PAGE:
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This has been around for a while, and the author also wrote the TV show "Fargo". This is similar in the sense that it's a clever take on the thriller genre.

The premise is that a private plane has gone down with the loss of a big-name TV executive and his family, a controversial big time banker and his family, and the crew. The only survivors are the 4 year old son of the media guy and a down on his luck artist who was invited onto the flight at the last minute and who rescues the boy.

Before long, questions are being asked about Scott, the painter. Can he be trusted? Is it a coincidence that he paints disaster scenes?

 

I thought this was a very clever take on the thriller. I won't say why as it would spoil the whole point. But there were times when it really punctured the whole macho culture of big money. I loved the part where Scott is refusing to play the media game. He's dealing with an impromptu press conference and a reporter demands that he says what the crash was like. He insists on answering the question: "you're looking for an analogy?" and he tells her "it was like nothing", but she has moved on. This was a recurring theme, the way that news asks questions but won't listen to the real answers, or asks questions which can only be answered through cliche, or not at all.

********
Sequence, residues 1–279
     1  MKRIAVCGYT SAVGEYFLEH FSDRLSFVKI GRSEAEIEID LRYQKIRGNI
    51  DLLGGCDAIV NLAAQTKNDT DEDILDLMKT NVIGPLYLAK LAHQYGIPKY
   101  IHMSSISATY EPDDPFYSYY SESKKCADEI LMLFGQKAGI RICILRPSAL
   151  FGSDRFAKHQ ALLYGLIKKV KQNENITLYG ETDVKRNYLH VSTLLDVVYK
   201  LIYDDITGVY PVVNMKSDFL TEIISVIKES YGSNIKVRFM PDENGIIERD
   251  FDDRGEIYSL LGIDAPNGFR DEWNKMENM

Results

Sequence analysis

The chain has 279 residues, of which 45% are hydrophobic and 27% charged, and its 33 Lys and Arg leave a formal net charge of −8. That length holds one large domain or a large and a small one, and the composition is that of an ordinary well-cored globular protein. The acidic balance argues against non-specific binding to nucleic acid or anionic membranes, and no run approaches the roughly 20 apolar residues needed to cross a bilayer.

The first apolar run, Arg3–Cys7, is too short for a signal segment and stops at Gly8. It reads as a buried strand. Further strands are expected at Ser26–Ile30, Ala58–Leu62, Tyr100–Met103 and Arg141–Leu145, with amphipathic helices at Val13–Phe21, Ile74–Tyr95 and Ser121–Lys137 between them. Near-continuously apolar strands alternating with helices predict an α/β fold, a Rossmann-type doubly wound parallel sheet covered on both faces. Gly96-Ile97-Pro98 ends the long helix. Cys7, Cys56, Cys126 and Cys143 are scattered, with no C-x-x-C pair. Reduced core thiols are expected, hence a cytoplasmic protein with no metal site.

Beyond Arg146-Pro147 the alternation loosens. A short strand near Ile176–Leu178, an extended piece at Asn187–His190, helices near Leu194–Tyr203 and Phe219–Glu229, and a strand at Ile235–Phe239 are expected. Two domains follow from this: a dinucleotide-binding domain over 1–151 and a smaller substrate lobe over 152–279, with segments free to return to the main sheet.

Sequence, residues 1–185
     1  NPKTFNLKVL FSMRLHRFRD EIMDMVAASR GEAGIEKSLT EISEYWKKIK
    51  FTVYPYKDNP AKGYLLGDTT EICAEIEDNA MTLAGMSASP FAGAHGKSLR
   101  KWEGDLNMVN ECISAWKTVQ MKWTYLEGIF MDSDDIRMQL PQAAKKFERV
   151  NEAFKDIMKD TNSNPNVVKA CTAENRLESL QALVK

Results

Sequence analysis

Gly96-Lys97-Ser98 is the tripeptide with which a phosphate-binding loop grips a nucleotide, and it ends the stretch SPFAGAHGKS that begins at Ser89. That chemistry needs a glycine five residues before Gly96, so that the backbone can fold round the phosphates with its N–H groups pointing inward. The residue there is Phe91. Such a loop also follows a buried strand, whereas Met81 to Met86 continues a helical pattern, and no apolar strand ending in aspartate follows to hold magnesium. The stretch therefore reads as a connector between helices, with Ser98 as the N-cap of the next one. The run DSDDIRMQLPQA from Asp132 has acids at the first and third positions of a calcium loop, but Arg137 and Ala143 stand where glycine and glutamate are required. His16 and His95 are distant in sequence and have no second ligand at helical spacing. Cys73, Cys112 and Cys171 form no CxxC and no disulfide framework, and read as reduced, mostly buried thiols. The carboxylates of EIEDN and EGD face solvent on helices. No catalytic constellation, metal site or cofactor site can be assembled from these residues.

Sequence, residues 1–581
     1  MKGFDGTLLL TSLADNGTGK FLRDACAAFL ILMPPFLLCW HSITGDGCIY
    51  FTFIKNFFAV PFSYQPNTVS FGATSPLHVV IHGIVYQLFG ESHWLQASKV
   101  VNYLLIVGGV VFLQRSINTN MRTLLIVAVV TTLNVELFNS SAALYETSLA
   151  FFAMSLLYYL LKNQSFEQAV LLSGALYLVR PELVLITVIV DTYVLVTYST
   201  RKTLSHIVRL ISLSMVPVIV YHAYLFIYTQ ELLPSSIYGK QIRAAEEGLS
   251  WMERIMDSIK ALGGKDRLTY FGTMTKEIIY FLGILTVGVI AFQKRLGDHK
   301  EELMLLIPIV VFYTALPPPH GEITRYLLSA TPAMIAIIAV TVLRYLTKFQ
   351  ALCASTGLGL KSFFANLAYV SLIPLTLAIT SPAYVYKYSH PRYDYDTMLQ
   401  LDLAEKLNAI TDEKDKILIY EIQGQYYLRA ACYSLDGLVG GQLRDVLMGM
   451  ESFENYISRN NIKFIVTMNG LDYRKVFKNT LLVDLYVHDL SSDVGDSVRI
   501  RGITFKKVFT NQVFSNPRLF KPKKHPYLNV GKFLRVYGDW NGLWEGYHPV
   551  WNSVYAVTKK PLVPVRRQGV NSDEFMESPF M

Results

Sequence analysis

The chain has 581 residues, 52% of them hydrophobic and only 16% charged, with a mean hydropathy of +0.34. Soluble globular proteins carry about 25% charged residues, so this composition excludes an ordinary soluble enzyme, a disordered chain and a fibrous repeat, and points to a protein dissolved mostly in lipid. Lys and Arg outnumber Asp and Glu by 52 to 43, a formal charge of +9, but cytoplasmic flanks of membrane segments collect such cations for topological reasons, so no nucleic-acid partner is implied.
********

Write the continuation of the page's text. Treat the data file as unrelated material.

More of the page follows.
I really liked it, even though the ending won't be to everyone's taste.

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